Quarrymen member Colin Hanton said he did see Paul, but on after the famed meeting took place. “The program had us down to play two sessions in the afternoon, but we missed the afternoon slot and only did one slot nearer to tea time. And then we moved to the church hall. I didn’t live far away and I’d probably gone home for something to eat and that was when Ivan (Vaughan) introduced Paul McCartney to John. “In the afternoon we’d put our stuff in the scout hut. I had my drum kit and was messing about with someone who was playing trumpet. I saw Ivan Vaughan come in with this lad and was talking to John briefly by the door of the scout hut. I think that’s the first time Paul did see him.”
Doug Chadwick, who was not a member of the Quarrymen but drove a lorry that featured John Lennon and his fellow Quarrymen playing on it during the fete, said he remembered Lennon playing during the ride. “I had the vehicle and went to the church and they got on the back! I do remember John Lennon playing his guitar, and the skiffle on the church fields,” he said. He’ll recreate that role as lorry driver this week during the anniversary celebration.
Chadwick’s family owns a piece of memorabilia from the day he says they won’t part with. “The original Quarrymen sign from the stage was left on the back of the vehicle and my father used it the wrong way about as a ‘vehicle on tow’ plate when a vehicle broke down,” he said. “My son has it now and it’s part of quite a big collection of Quarrymen and Beatle memorabilia he has at his home in Peoria south of Chicago.”
Julia Baird, John Lennon’s half-sister who has written a book Imagine This about the late artist, was 10 years old at the time of the fete. “It was an outing, Woolton Church Fete day. We all went along to the Parry’s house, a cottage in Woolton,” she recalls. “And then all of us walked along to the village. We walked to Quarry Street, which is where the lorries were going to be set up. They were cleaned up coal lorries, which were all decorated with paper flowers, and the Rose Queen was there.”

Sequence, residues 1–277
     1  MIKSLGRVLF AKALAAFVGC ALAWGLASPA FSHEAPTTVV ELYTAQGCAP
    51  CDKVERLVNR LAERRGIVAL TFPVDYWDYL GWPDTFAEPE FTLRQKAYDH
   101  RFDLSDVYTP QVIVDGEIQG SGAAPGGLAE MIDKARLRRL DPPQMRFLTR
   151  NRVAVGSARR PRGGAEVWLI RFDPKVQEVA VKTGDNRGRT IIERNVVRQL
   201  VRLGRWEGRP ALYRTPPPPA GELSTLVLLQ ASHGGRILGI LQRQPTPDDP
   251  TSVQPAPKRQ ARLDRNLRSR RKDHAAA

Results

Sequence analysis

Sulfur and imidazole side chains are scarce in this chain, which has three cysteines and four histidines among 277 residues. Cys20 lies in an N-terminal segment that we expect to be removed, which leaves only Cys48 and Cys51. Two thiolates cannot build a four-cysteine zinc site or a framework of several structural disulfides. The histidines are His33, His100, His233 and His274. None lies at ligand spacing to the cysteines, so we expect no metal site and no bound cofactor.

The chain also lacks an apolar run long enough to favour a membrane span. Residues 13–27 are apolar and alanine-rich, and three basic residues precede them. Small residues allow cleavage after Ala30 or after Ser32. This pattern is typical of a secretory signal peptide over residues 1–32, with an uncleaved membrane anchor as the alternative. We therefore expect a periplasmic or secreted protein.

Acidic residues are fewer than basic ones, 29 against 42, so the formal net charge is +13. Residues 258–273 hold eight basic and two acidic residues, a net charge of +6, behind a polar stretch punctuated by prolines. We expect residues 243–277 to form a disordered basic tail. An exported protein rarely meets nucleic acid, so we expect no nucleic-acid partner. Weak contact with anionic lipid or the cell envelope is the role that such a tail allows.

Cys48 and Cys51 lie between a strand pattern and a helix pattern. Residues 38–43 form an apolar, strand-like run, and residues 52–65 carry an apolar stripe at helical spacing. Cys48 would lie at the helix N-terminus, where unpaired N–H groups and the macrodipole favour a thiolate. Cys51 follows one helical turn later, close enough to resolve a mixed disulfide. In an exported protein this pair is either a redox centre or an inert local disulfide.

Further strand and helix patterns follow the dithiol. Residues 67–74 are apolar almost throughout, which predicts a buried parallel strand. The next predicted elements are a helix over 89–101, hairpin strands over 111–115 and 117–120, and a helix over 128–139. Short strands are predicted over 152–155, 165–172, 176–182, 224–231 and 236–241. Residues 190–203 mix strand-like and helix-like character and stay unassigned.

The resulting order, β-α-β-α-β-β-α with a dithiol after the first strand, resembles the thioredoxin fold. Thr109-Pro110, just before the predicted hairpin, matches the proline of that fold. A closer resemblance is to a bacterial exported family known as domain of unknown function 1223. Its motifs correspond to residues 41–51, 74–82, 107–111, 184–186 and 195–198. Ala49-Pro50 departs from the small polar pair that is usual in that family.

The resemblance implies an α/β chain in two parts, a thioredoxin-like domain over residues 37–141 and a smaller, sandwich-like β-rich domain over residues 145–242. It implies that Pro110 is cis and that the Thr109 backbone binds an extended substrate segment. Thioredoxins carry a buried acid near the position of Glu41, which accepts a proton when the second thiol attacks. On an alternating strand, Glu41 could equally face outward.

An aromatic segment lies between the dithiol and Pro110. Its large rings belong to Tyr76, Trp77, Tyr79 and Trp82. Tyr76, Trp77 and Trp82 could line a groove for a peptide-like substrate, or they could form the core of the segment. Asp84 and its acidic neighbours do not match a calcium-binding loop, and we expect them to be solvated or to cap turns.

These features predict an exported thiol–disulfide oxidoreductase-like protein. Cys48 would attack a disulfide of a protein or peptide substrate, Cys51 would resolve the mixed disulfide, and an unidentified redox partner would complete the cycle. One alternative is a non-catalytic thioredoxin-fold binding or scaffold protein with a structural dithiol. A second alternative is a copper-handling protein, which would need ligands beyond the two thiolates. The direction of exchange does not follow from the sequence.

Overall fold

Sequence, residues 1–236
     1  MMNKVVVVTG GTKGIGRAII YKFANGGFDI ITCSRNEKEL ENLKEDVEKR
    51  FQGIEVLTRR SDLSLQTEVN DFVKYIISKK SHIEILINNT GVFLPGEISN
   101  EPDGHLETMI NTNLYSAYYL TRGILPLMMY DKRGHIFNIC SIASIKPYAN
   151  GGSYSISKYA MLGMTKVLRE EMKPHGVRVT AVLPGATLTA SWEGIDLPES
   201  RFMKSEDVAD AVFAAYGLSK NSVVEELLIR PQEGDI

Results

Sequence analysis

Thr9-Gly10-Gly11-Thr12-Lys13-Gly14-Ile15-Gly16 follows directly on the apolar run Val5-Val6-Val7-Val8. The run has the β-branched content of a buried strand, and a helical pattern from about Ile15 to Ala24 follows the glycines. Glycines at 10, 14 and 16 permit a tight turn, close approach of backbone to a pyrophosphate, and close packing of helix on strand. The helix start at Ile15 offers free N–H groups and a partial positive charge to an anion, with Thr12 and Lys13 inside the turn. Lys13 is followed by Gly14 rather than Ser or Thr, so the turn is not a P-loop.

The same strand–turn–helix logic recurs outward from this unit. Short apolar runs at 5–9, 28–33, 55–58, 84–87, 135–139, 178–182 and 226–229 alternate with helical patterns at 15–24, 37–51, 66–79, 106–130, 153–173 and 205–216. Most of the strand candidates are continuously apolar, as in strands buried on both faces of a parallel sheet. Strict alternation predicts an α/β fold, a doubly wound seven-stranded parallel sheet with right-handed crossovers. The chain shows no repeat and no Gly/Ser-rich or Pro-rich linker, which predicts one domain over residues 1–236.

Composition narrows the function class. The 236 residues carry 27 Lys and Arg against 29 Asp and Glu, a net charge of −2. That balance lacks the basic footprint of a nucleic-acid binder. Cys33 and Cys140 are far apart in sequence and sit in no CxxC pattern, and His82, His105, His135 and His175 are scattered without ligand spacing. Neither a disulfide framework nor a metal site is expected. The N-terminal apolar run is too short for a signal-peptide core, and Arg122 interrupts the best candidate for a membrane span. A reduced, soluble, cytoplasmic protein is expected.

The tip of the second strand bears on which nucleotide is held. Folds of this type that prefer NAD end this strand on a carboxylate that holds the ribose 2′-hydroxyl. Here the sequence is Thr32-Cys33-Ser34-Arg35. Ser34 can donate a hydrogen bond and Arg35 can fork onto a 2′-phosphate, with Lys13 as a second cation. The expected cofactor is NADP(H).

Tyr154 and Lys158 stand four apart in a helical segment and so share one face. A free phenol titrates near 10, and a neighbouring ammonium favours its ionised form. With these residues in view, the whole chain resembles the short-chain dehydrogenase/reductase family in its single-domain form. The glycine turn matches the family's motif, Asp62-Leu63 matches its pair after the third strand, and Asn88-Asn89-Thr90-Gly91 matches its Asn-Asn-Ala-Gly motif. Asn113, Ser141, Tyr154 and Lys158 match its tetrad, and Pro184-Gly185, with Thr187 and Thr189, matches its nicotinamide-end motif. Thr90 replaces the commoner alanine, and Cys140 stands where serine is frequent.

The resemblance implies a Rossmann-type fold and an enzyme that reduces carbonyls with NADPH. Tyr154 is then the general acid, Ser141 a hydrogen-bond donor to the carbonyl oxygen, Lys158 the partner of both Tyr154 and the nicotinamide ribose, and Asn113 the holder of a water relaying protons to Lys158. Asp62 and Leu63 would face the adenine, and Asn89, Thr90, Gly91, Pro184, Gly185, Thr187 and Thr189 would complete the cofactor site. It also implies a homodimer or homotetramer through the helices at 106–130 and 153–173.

She watched Lennon perform with his band. “I remember listening for them to start. John was wearing the ‘real genuine’ U.S. cowboy T-shirt my mum had bought. She bought four in the market and John practically lived in his.” Lennon is wearing the shirt in the picture Geoff Rhind took of Lennon and the band on stage that has been reproduced all over the world. Her Website offers a CD of a 1987 audio interview she did with Paul McCartney as well as her book.
This week, in addition to the re-creation of the lorry ride, the church, along with the Cavern Club, will also present dances, tours, sing-alongs and concerts, highlighted by a recreation of the fete on the playing field for Bishop Martin CE Primary School, the site of the original hall where Lennon and McCartney met. The program continues through July 9 and full list of events can be found at The Beatles at. Peter’s website.